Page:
It’s the time of year when I get sad.
More than just lack-of-light SAD, this is a deep sadness about dying and dead things. I feel my heart hollow and my will waver in the low light that is now afternoon.
I’ve written about finding beauty in this season. I understand the comfort that comes from accepting this seasonal rotation.
Still, I dread winter’s coming.
Fighting inevitable season change is a colossal waste of effort. I know this, and over the years I’ve found ways to deal with my extreme negative reaction to the season of low light. This year I’m reviving my pagan Samhain feast, a tradition that I let go as my kids grew older and started making their own Halloween plans.
During traditional pagan end-of-harvest Samhain festivities—held on October 31, halfway between fall equinox and winter solstice—feasts were held to usher in the darker part of the year and to welcome souls of the dead during a time when the veil between this world and the Otherworld is thinnest. Pagans considered this time the “new year.”
When my kids were younger and I was still married to their dad, I would arrange photos of dead friends and relatives on an altar and prepare pork roast with roasted apples and squash while my then-husband took the kids trick-or-treating. When they returned, usually freezing, we ate, honored our dead and wrote down one thing that we would like to get rid of in the coming year, which we then burned over a candle flame.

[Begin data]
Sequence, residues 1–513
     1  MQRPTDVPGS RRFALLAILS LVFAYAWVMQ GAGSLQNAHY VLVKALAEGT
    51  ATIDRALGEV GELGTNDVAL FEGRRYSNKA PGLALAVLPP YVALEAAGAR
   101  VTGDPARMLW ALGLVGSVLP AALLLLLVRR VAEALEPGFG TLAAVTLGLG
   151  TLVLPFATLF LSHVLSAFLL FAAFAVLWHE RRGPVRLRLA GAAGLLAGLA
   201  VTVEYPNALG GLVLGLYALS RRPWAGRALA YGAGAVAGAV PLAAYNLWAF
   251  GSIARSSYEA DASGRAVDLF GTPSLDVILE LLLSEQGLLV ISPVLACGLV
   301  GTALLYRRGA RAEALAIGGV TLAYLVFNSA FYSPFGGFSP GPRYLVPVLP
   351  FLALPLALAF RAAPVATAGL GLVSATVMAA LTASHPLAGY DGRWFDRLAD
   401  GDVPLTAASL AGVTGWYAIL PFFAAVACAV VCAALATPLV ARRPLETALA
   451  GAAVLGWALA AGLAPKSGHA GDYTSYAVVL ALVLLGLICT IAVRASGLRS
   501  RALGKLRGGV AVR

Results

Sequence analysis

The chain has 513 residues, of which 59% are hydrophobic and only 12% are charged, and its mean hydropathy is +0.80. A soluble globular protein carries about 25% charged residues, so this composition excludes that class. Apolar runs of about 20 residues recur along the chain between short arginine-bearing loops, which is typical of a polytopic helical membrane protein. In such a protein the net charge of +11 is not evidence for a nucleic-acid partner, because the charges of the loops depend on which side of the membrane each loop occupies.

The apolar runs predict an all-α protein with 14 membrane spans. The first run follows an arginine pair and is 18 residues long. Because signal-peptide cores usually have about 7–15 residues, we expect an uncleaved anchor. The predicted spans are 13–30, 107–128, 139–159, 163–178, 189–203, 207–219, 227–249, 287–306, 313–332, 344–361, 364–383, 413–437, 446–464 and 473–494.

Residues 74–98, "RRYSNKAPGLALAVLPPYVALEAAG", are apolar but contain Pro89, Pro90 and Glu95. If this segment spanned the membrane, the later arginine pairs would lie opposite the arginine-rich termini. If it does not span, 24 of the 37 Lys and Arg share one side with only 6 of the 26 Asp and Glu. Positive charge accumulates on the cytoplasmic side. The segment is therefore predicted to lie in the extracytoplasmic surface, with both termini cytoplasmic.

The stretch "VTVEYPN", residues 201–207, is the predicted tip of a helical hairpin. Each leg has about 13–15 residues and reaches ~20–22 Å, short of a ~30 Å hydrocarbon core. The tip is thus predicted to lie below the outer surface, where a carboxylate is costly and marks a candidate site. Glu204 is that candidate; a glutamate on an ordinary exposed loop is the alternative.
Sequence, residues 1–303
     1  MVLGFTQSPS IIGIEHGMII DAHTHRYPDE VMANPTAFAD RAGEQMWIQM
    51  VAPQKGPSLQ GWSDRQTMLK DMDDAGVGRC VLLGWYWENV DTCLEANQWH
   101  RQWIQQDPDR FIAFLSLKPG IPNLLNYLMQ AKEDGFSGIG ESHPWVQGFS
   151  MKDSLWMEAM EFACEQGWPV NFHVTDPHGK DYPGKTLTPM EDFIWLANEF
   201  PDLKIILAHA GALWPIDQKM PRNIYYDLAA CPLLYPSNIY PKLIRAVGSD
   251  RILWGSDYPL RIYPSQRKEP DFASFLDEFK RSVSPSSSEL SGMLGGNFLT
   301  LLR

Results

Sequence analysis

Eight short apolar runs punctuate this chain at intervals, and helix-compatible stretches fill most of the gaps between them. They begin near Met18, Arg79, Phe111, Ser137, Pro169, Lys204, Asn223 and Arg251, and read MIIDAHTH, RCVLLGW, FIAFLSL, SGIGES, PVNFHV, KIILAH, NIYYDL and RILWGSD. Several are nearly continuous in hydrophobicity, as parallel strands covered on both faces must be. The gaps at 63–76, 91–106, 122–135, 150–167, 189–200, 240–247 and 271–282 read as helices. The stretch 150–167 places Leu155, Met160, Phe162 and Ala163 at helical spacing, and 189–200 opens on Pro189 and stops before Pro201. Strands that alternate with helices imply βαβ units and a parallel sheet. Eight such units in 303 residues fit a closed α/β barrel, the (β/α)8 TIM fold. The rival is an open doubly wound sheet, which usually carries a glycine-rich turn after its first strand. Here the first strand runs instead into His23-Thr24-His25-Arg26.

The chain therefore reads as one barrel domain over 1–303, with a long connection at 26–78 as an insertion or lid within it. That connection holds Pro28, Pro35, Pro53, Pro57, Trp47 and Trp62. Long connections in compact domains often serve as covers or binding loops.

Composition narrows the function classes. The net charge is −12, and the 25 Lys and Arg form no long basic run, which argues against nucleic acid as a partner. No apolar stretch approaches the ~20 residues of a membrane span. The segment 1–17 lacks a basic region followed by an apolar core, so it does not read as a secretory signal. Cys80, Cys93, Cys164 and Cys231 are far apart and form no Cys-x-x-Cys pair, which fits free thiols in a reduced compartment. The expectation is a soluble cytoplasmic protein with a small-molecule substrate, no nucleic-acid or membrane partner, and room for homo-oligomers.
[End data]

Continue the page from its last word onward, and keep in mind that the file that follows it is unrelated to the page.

The photos I took out once a year for that Samhain altar have now found permanent residence on a set of French doors (loved by me, not so much by my ex-husband) that I moved from my old house to my new townhouse.
Today I feel like the ancestor photos on those doors are reproaching me. I think they want us to feast.
So feast we will. And when we’ve had our fill, we’ll write down things that we don’t wish to carry into this new year on little pieces of paper that we can turn to ash.
I have more than one thing I’d like to be done with, of course. This season seems to bring all my worst fears and insecurities to the surface. Resistance is the word that keeps coming up today, though, so that is what I will burn.
I’ll do my best to embrace this darkness. I won’t pretend that’s easy.
Happy new year.
I found these funky French doors at Boulder’s ReSource, a recycled building materials center. They were shorter than current code, so I had a carpenter refit the doorjamb in my old house for them. When I lived in that house, I looked through the doors every day, at my kids playing in the back yard. I could look up from cooking and see the reflection of a swing moving or, later, a body bouncing on a trampoline.
Now they’re in the entryway of my new townhouse. I can’t afford a carpenter, and I don’t have a doorway to fill, so I pasted old photographs on the glass panes and made them an ancestor altar.